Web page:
“For the love of money is the root of all evil: which while some coveted after, they have erred from the faith, and pierced themselves through with many sorrows.”
I Timothy 6:10

There is much in the Word of God about our relationship with money, but this statement is as powerful, pointed, and profound as any. One reason this theme is so often mentioned is because of the tendency to live more for things that are material than for things that are spiritual. For instance, Jesus said, contrary to popular opinion, “Ye cannot serve God and mammon” (Matthew 6:24).

We live in a very materialistic society, and the message of the Bible has been corrupted and perverted on the subject of money. Modern preachers have promoted the error that gain and godliness are synonymous. In another very familiar passage, the parable of the sower, Christ said that “the cares of this world, and the deceitfulness of riches, and the lusts of other things entering in, choke the word, and it becometh unfruitful” (Mark 4:19).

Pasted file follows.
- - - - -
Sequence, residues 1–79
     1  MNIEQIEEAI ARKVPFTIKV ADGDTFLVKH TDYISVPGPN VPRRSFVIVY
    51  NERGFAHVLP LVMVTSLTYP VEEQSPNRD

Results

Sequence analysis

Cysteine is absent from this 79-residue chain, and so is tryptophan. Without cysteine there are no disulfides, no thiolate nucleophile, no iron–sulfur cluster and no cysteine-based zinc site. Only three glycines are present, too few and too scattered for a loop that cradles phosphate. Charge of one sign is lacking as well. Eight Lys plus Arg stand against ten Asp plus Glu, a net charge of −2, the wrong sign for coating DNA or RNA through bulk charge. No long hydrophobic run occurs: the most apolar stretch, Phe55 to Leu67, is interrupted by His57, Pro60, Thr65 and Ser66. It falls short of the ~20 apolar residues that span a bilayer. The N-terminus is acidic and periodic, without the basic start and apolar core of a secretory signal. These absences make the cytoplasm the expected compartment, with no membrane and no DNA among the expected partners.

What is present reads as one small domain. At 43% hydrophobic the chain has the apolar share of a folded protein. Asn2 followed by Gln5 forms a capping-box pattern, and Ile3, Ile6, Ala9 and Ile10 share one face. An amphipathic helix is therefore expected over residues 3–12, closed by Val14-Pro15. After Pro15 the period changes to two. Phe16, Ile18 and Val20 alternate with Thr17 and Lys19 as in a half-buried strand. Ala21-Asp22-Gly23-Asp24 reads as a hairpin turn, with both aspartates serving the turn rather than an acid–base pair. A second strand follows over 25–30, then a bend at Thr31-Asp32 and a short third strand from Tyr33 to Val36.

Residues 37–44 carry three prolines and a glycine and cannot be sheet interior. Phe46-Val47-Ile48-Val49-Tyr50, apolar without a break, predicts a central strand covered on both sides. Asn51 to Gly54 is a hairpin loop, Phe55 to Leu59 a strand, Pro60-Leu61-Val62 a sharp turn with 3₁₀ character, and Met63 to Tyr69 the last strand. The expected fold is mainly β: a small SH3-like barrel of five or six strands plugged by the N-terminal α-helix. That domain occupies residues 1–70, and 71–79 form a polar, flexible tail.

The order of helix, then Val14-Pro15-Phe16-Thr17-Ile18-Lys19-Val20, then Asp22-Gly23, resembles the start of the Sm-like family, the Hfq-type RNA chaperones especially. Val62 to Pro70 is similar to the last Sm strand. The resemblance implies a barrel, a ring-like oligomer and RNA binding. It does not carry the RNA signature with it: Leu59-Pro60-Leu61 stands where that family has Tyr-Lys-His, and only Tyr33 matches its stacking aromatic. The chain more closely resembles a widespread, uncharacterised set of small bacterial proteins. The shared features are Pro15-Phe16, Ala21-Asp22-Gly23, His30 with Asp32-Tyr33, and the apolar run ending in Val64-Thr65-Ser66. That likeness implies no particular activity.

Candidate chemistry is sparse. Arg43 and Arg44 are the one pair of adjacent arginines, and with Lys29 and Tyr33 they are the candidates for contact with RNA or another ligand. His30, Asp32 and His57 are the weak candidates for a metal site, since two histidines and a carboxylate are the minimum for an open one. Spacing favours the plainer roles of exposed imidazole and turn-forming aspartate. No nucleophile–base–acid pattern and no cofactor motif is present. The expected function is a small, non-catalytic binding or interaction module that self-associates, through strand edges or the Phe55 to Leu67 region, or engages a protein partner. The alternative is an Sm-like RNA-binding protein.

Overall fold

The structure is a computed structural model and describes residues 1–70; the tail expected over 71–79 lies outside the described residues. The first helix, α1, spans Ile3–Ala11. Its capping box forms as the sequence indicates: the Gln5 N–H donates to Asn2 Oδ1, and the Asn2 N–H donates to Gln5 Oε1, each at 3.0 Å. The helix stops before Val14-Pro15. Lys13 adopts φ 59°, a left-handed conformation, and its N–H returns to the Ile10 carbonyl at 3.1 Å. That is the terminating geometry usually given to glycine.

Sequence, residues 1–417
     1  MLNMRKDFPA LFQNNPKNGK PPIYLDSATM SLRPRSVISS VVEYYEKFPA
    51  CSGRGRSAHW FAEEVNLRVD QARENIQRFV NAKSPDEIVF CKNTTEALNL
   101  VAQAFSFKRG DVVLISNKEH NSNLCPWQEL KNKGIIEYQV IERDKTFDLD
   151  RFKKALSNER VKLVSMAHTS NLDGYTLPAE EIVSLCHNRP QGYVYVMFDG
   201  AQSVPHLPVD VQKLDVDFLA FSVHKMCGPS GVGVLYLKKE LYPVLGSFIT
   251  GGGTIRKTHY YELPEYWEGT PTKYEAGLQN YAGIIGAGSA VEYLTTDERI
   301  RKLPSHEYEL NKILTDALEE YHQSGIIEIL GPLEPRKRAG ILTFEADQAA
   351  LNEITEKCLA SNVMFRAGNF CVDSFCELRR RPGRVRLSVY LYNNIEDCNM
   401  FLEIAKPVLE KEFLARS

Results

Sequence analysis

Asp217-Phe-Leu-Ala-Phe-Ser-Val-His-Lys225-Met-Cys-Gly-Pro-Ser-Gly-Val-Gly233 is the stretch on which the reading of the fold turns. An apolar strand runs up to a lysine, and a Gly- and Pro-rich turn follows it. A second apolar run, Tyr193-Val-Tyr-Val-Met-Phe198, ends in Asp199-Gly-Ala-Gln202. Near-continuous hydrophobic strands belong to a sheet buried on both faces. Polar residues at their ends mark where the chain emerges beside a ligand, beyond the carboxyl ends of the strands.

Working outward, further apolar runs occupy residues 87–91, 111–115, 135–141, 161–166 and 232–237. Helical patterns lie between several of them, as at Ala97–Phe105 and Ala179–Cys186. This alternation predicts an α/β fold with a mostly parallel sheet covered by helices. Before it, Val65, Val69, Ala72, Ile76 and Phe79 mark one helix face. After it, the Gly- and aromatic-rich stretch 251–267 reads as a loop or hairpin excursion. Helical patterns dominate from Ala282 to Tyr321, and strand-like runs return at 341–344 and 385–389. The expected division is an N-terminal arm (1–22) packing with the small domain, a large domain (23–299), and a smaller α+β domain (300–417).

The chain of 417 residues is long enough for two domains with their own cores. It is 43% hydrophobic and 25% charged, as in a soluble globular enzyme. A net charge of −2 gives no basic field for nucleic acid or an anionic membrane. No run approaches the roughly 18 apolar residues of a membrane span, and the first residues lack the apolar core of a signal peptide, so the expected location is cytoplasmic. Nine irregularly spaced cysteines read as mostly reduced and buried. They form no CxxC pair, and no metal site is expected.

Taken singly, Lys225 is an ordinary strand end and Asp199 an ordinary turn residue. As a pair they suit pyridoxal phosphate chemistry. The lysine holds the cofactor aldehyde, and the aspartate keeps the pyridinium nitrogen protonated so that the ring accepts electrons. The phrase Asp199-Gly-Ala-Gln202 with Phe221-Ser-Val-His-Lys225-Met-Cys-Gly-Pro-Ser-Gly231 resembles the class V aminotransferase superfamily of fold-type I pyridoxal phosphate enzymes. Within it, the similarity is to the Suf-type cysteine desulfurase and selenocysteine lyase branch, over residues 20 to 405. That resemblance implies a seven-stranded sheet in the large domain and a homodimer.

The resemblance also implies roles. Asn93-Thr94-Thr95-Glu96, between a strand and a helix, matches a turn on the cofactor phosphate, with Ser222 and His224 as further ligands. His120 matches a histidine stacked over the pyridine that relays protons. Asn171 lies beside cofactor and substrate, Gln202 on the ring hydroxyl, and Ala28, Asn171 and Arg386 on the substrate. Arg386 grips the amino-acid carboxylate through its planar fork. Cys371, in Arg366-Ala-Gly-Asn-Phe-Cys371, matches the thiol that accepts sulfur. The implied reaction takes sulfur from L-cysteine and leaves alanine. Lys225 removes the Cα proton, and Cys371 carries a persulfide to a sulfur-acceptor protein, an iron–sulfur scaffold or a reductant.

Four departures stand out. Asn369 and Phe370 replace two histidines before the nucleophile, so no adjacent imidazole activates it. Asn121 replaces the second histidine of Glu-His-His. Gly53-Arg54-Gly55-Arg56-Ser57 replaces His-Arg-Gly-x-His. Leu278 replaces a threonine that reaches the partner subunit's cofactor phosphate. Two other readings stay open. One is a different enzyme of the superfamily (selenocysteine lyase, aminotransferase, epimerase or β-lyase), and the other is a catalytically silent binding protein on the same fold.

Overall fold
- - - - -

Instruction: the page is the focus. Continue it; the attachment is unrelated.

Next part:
Spiritual progress is regularly stifled by misplaced priorities and obsession with financial gain. The love of money can be extremely destructive and is described as the “root of all evil.” There is nothing wrong with money; all of us need it and use it. However, the danger comes when it begins to control us rather than our controlling it. The lust for material things is a snare. Because of this, personal debt is a very serious problem in our nation, and also in our churches. Most counselors will agree that the single issue that causes the most pressure on marriages and families is finances. Teenagers and young adults now deal with financial stress that would have been unthinkable a generation or two in the past.

We must realize that material things cannot bring satisfaction. Sincere believers fall into the snare of thinking that something newer, bigger, or better can make life more enjoyable, when often the exact opposite may be true. Of course, there is nothing wrong with possessions, as long as we realize that those things in themselves cannot fulfill. We have been called to a life of contentment, yet the lack of contentment is resulting in serious financial woes for God’s people. In reality, most financial problems are not necessarily the result of management problems, or even income deficiency. Rather, it is too often the evidence of a heart problem, the love of money.